help your teenager negotiate the best possible deal. Be cautious about financing offers for first-time buyers.
They can require a big down payment and a high APR. To get a lower rate, you may decide to cosign the
loan for your teen. If money is tight, you might consider paying cash for a less expensive car than you first
had in mind.
Dealer or Private Sale?
The Federal Trade Commission.s Used Car Rule requires dealers to post a Buyers Guide
in every used car they offer for sale. The Buyers Guide gives a great deal of information, including:
. whether the vehicle is being sold .as is. or with a warranty;
. what percentage of the repair costs a dealer will pay under the warranty;
. the fact that spoken promises are difficult to enforce; and
. the major mechanical and electrical systems on the car, including some of the major problems you
should look out for.
The Buyers Guide also tells you to:
. get all promises in writing;
. keep the Buyers Guide for reference after the sale; and
. ask to have the car inspected by an independent mechanic before the purchase.
Buying a car from a private individual is different from buying from a dealer. That.s because private sales
generally aren.t covered by the Used Car Rule, or by .implied warranties. of state law. A private sale
probably will be .as is..you.ll have to pay for anything that goes wrong after the sale.
Buying a Used Car
Before You Buy...
Whether you buy a used car from a dealer or an individual:
. examine the car using an inspection checklist. You can find checklists in magazines and books and on
Internet sites that deal with used cars;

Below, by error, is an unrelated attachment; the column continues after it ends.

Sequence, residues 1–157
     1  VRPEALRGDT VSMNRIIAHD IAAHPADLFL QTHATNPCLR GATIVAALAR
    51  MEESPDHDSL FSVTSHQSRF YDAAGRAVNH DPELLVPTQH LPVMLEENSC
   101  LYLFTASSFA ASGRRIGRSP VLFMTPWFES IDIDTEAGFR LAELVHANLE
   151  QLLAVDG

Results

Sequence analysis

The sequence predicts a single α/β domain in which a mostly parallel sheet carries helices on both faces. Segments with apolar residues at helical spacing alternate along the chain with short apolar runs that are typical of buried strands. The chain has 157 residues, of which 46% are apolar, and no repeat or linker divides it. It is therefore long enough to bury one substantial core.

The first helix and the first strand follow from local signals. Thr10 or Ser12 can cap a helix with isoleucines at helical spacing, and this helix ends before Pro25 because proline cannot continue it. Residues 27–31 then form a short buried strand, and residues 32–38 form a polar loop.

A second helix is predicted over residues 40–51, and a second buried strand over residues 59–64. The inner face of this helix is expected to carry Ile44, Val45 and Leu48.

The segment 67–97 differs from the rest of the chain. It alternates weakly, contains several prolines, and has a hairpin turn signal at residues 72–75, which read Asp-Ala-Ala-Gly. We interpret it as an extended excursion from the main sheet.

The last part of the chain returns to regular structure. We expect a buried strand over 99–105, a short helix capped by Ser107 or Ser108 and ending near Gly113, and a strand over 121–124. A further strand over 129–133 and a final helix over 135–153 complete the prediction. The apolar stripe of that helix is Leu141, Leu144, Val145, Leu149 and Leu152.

. test drive the car under varied road conditions.on hills, highways, and in stop-and-go-traffic;
. ask for the car.s maintenance record from the owner, dealer, or repair shop; and
. hire a mechanic to inspect the car.
Other Costs to Consider
There.s more to buying a car than just paying for it. Other items to budget for include insurance, gas,
maintenance and repairs. Here are some tips to help you save money:
. Compare coverage and premiums with several insurance companies. Buy from a low-price, licensed
insurer, or add your teen to your policy. Some companies offer discounts to students with good grades.
Remind your teenager that it pays to drive safely and observe speed limits. Traffic violations can cost
money in tickets and higher insurance premiums.
. Pump your own gas and use the octane level your owner.s manual specifies.
. Keep your car in safe driving condition. Following the vehicle.s maintenance schedule can help forestall
. Look for a mechanic who is certified, well established, and communicates well about realistic repair
options and costs. Find one who has done good work for someone you know.
For More Information
The FTC publishes a series of free publications about auto-related subjects. For a free copy of Best Sellers,
a complete list of FTC publications, contact: Consumer Response Center, Federal Trade Commission,
Washington, D.C. 20580; 202-FTC-HELP (382-4357). TDD: 202-326-2502. Or visit us at www.ftc.gov.